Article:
# Force due to fluid pressure

• Jan 27th 2010, 07:55 PM
VitaX
Force due to fluid pressure
A window on the side of a 5 foot deep swimming pool is in the shape of an inverted parabola $\displaystyle y=\frac{(9-x^2)}{3}$ located at the bottom of the pool 2 feet below the surface. Find the force F of water on this window.

This formula is used: $\displaystyle F=\int_a^b whA$ $\displaystyle dy$ where w is the density of the fluid, h is the strip depth and A is $\displaystyle L(y)dy$.

$\displaystyle x =\sqrt{9 - 3y}$

$\displaystyle F=\int_0^3 62.4(5-y)(2\sqrt{9-3y})$ $\displaystyle dy$

$\displaystyle F= 124.8\left[\int_0^3 5\sqrt{9-3y} - \int_0^3 y\sqrt{9-3y}\right]$ $\displaystyle dy$

I'm not sure if its supposed to be $\displaystyle 2\sqrt{9-3y}$ or just $\displaystyle \sqrt{9-3y}$ if someone can answer this part than I should be able to do the rest. However my friend says the first is u substitution but the 2nd one is integration by parts. What exactly is integration by parts?
• Jan 27th 2010, 08:38 PM
VonNemo19
Quote:

Originally Posted by VitaX
so am I supposed to change the form of the given equation into terms of y instead of x?

Yes
• Jan 27th 2010, 09:06 PM
VitaX
Quote:

Originally Posted by VonNemo19
Yes

How is my work thus far in the problem?
• Jan 27th 2010, 09:13 PM
VonNemo19
Quote:

Originally Posted by VitaX
How is my work thus far in the problem?

Yes, it should be $\displaystyle 2\sqrt{9-x^2}$, but where are you getting $\displaystyle h=6-y$?
• Jan 27th 2010, 09:25 PM
VitaX
Quote:

Originally Posted by VonNemo19
Yes, it should be $\displaystyle 2\sqrt{9-x^2}$, but where are you getting $\displaystyle h=6-y$?

Well in all my notes when the object is submerged in water and total height was taken to be from the height of the surface in this case 6 subtracting the height of an unknown strip length in the object which is y.
• Jan 27th 2010, 09:29 PM
VonNemo19
But, this is what your post says:

Quote:

Originally Posted by VitaX
A window on the side of a 5 foot deep swimming pool...

I was just clarifying. You've got the idea. If it's 6, then use 6. (Wink)
• Jan 27th 2010, 09:30 PM
VitaX
Quote:

Originally Posted by VonNemo19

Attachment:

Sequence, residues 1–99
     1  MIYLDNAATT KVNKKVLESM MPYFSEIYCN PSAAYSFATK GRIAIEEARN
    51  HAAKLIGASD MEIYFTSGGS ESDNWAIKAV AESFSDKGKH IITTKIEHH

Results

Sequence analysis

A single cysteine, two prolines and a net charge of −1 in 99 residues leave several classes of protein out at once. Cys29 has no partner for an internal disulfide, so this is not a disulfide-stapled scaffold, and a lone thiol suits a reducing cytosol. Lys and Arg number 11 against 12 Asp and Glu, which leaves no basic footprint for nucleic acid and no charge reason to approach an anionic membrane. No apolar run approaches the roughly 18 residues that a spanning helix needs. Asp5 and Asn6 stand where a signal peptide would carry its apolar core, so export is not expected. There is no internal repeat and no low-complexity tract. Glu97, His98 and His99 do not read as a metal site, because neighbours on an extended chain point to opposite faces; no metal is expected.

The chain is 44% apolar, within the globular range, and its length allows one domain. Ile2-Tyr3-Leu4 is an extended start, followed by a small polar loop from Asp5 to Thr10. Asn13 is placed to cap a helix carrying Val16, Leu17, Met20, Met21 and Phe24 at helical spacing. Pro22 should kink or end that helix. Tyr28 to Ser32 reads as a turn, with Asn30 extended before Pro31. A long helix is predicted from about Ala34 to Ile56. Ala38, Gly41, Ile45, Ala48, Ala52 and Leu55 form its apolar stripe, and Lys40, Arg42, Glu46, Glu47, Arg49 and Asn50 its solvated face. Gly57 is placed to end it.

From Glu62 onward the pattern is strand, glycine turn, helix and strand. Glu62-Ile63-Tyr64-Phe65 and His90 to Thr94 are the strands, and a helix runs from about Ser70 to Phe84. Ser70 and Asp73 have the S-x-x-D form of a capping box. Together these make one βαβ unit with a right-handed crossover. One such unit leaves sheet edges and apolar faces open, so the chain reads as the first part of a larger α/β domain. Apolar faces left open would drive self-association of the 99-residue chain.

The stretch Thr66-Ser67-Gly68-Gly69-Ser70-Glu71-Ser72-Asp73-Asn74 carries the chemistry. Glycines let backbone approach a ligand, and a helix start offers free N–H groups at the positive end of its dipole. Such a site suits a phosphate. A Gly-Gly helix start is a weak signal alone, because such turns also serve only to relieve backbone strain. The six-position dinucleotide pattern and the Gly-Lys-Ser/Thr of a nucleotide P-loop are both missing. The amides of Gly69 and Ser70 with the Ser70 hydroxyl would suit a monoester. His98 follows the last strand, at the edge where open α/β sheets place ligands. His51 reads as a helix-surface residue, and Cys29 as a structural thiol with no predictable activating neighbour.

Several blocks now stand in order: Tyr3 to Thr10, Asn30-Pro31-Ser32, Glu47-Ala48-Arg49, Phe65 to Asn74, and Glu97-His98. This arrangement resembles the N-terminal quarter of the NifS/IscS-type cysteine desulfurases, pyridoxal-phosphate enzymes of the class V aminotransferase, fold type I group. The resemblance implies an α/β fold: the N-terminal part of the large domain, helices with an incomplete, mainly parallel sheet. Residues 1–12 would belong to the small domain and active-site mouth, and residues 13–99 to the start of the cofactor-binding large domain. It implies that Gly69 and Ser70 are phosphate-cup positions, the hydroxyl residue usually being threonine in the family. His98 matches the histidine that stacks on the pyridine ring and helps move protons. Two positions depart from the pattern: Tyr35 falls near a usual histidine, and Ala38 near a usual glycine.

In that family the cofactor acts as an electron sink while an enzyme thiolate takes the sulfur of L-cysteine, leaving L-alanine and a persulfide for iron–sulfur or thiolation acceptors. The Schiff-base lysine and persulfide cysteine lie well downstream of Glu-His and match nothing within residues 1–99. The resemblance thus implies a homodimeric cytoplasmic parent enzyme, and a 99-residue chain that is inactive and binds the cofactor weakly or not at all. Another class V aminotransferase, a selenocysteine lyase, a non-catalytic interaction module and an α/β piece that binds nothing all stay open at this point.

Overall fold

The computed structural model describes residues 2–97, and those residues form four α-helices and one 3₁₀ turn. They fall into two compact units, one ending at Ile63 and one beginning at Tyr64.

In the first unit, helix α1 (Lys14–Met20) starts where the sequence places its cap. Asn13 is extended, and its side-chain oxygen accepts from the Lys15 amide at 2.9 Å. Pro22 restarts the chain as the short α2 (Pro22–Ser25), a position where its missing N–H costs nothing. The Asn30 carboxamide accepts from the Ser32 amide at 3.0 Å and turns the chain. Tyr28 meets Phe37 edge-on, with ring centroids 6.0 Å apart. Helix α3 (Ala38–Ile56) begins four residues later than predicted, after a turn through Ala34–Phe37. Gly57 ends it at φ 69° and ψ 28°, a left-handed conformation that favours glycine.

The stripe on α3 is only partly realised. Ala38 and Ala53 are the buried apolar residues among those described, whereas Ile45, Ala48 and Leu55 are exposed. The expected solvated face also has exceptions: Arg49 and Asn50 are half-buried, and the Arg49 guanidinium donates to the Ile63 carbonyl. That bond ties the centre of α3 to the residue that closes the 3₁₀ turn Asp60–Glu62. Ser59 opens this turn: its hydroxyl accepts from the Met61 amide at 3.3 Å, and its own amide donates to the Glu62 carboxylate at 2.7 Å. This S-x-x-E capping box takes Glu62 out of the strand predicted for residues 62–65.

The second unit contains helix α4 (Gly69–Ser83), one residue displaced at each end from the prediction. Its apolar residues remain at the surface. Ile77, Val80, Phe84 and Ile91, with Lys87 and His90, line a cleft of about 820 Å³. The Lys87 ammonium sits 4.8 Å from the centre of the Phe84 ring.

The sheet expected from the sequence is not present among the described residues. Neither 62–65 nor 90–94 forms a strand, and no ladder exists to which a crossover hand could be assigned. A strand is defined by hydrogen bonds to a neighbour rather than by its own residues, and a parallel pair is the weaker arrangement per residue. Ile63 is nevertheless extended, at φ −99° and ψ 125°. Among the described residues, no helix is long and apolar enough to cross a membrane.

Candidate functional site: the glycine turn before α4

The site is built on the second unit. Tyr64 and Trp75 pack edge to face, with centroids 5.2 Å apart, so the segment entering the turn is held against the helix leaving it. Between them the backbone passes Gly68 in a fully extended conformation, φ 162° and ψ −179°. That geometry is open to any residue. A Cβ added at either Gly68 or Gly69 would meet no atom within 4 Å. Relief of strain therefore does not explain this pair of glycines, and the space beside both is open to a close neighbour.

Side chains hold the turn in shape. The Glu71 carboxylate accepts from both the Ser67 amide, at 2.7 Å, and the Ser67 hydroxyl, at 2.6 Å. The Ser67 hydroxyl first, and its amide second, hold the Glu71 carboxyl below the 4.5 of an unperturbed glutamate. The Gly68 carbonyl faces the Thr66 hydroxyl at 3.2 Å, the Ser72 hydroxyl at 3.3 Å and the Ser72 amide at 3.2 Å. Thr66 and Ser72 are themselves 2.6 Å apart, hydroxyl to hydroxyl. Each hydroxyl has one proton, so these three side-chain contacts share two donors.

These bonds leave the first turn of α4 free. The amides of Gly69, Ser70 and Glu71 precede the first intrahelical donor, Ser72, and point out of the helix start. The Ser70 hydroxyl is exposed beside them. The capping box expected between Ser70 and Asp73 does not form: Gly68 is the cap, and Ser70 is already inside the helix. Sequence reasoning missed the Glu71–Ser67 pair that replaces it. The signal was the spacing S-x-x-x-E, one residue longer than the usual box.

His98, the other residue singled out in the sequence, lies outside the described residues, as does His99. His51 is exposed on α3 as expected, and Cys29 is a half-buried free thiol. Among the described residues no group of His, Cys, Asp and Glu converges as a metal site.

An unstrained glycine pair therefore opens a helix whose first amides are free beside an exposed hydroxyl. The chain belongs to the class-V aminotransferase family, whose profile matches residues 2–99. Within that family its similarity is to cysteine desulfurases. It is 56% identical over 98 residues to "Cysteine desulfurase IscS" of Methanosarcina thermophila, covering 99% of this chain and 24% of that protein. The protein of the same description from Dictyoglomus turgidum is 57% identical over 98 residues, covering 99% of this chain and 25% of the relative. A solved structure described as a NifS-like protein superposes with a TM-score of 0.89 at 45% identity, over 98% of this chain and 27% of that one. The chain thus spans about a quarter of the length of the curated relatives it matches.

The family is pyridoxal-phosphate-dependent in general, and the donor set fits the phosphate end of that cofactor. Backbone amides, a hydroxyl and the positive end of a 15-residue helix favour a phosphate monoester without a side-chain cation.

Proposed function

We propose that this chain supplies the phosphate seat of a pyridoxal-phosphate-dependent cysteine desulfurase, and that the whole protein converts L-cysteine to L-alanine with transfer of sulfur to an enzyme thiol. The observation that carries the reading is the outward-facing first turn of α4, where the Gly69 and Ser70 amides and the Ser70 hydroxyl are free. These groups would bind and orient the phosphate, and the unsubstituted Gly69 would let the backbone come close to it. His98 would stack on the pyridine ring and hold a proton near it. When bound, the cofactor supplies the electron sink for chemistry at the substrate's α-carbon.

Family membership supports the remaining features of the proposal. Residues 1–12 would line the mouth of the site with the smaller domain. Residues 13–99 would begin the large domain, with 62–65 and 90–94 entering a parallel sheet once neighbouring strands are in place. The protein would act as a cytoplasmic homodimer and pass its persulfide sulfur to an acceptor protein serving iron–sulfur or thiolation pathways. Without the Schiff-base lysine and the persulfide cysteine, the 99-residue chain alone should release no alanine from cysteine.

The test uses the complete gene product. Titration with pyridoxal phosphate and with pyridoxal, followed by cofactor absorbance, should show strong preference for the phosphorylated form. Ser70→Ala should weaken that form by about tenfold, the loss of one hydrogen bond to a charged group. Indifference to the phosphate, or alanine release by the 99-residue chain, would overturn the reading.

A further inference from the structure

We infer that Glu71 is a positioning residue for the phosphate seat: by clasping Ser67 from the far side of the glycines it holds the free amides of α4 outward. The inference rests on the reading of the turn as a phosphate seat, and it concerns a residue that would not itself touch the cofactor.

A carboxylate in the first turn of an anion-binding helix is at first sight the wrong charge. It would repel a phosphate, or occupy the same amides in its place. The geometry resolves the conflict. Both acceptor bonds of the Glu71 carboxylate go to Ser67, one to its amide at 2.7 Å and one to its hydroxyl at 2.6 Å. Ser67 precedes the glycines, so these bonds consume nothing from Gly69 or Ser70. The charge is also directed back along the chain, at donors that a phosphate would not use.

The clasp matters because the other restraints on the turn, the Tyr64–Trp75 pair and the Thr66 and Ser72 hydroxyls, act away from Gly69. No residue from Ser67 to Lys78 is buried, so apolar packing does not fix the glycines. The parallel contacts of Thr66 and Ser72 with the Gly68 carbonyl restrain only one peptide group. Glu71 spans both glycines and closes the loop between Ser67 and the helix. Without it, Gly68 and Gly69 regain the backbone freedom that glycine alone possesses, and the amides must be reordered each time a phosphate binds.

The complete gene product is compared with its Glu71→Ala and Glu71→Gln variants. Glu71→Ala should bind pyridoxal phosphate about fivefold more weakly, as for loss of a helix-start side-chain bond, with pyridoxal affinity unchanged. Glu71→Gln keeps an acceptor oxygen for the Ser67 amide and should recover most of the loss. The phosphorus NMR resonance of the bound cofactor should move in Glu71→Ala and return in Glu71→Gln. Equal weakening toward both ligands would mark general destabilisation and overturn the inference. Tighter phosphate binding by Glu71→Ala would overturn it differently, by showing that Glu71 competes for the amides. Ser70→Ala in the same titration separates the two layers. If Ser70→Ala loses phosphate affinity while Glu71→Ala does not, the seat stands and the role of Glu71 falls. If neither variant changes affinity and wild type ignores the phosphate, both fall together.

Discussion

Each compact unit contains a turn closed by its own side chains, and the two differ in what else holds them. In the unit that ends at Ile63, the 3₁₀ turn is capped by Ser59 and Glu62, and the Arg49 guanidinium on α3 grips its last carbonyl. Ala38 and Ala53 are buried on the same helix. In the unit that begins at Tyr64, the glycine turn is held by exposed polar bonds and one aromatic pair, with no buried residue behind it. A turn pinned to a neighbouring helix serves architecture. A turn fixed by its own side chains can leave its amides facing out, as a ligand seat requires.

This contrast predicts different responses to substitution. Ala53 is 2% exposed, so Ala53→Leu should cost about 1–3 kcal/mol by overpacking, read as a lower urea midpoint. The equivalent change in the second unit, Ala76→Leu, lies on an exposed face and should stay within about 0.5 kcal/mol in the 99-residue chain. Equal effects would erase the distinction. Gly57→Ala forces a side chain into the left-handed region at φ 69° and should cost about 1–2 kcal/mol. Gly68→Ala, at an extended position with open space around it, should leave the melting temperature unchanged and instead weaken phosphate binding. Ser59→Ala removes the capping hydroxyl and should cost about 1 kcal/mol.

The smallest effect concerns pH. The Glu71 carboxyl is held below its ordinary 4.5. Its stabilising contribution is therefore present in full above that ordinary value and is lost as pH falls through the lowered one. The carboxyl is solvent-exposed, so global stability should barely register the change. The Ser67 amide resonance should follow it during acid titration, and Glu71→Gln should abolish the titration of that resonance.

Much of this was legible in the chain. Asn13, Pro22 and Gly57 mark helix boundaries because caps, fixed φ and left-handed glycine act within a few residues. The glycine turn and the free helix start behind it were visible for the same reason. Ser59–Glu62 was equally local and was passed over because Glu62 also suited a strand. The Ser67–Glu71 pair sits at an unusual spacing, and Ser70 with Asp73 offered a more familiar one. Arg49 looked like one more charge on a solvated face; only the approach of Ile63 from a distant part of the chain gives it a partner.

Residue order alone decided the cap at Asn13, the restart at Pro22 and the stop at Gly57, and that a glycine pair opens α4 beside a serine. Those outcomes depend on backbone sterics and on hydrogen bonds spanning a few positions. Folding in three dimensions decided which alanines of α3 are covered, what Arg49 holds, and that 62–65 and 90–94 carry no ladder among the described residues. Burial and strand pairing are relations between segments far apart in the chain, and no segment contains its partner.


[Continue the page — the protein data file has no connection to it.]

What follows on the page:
But, this is what your post says:

I was just clarifying. You've got the idea. If it's 6, then use 6. (Wink)

oh crap you are correct. I dont know where I got 6 from. Now that I've set the integral up correctly. Could you help me integrate this, I'm a little lost on the 2nd part, first part is clearly u sub right?
• Jan 27th 2010, 09:38 PM
VonNemo19
Quote:

Originally Posted by VitaX
oh crap you are correct. I dont know where I got 6 from. Now that I've set the integral up correctly. Could you help me integrate this, I'm a little lost on the 2nd part, first part is clearly u sub right?

$\displaystyle u=\sqrt{9-3y}$ imples that $\displaystyle y=\frac{9-u^2}{3}$ so that $\displaystyle dy=-\frac2{3}udu$

Can you see what to do?
• Jan 27th 2010, 09:50 PM
VitaX
Quote:

Originally Posted by VonNemo19
$\displaystyle u=\sqrt{9-3y}$ imples that $\displaystyle y=\frac{9-u^2}{3}$ so that $\displaystyle dy=-\frac2{3}udu$

Can you see what to do?

Hmmmm I see that you let $\displaystyle u=\sqrt{9-3y}$ so that then you can say $\displaystyle u=x$ and therefore sub u for x in the original function. But I dont really see how you found what dy is equal to and say I did understand this part, what would the next step be in the integral?
• Jan 27th 2010, 09:59 PM
VonNemo19
Quote:

Originally Posted by VitaX
Hmmmm I see that you let $\displaystyle u=\sqrt{9-3y}$ so that then you can say $\displaystyle u=x$ and therefore sub u for x in the original function. But I dont really see how you found what dy is equal to and say I did understand this part, what would the next step be in the integral?

Well, one thing at a time. I want you to understand what I've done.

Let $\displaystyle u=\sqrt{9-3y}$

Square both sides

$\displaystyle u^2=9-3y$

Solve for y

$\displaystyle y=\frac{9-u^2}{3}$

differentiate

$\displaystyle dy=-\frac{2}{3}udu$

Now substitute

$\displaystyle \int_0^3y\sqrt{9-3y}dy=\int_{y=0}^{y=3}\overbrace{\frac{9-u^2}{3}}^y\overbrace{(u)}^{\sqrt{9-3y}}\overbrace{\left(\frac{-2}{3}udu\right)}^{dy}$
• Jan 27th 2010, 10:43 PM
VitaX
$\displaystyle F = 124.8\left[\int_3^0 5u\left(\frac{-2}{3}u\right)\right - \int_3^0 \frac{9-u^2}{3}u\left(\frac{-2}{3}u\right)\right]$ $\displaystyle du$

Is this correct so far?

Crap accidently did a double post when editing an error
• Jan 27th 2010, 10:55 PM
VitaX
$\displaystyle F = 124.8\left[\int_3^0 5u - \int_3^0 \frac{9-u^2}{3}(u)\left(\frac{-2}{3}u\right)\right]$ $\displaystyle du$

Is this correct so far? Or is the $\displaystyle \frac{-2}{3}u$ supposed to be in the first integral as well